I rate Monte Carlo three of out five Spice Girls, but only if you can see it with chatty tween girls. Otherwise, two Spice Girls (and neither of them are Posh Spice). Oh, also, I feel strongly that this should have been a musical. Selena Gomez, Leighton Meester, and Katie Cassidy are all in various stages of launching musical careers. Plus, Finn from Glee is in it. And yet, no singing? Boo, Monte Carlo. BOO.

April 28, 2011

Why didn’t I go to boarding school in Paris?

by sandy

That is what I asked myself when I finished reading Stephanie Perkins’ fantastic debut novel, Anna and the Kiss. Let me tell you, I’ve read this book twice now and I love love love it. I actually bought the kindle version of it, and I love it so much, that I’m going to order a “real” copy so that I can lend it out to friends and make them read it too.

The novel introduces us to Anna, a teenage girl who is happy with the life she has in Atlanta, a best friend, a job she likes and a cute boy that she’s been flirting with. Her father, a Nicolas Sparks type novelist who has fallen into new money, decides it would be a good experience for her to spend her senior year the “School of America Paris” AKA SOAP. She is not happy with development at first. I admit, the first couple of chapters I was like “Come on, Girl. Your get to LIVE in PARIS! Get over it!” but before I started really disliking her she won me over with her instant crush on Étienne St. Clair.  St. Clair, as his friends call him was raised in London and therefore has a cute accent and good hair. He is flawed though. First of all, he has a girlfriend and he strings both her and Anna along for most of the novel. But that’s ok, because he is charming and his and Anna’s chemistry radiates off the page.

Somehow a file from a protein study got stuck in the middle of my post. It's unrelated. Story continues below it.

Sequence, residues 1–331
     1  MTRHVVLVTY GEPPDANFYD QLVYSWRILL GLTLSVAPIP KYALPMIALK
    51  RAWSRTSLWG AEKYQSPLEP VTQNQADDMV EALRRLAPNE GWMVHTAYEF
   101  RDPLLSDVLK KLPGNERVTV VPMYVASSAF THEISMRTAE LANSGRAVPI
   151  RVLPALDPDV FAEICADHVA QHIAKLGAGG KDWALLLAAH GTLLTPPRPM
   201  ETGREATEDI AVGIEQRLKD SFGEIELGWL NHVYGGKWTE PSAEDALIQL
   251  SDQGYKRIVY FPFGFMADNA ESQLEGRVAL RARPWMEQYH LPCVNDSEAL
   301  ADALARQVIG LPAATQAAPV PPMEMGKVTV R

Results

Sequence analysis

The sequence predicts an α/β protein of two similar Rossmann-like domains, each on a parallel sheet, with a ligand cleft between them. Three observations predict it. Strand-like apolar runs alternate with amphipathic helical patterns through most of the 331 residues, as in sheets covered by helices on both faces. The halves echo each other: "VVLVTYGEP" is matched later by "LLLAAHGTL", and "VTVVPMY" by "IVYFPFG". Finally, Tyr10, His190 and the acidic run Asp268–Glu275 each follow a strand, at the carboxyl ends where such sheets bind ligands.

One of my favorite parts of the novel, which rang so true to me was Thanksgiving weekend when the two are only ones left in the dorm. (Spoiler Alert, but nothing earth shattering) – St. Clair spends the weekend in Anna’s room, and they are together the entire time. They bond, they talk, they get physically close but notthatclose but then on Sunday, when everyone comes back that intimacy feels like a brick wall between them. Suddenly they don’t know how to deal with each other. I have been there. It reminded me of all-night phone conversations where I revealed my most inner thoughts and then the next day feel strange about it.

As for the third character, Paris – I have fallen in love with a city I have never been to, but I feel like I have. The descriptions of the people, the places, sights and sounds gives a perfect setting for a love story.

Basically, Anna and the French Kiss instantly became a favorite of mine. Stephanie Perkins has two companion novels coming out, the next one Lola and the Boy Next Door will be published in September. If Anna is any indication, she is going to have a nice long career in the YA world.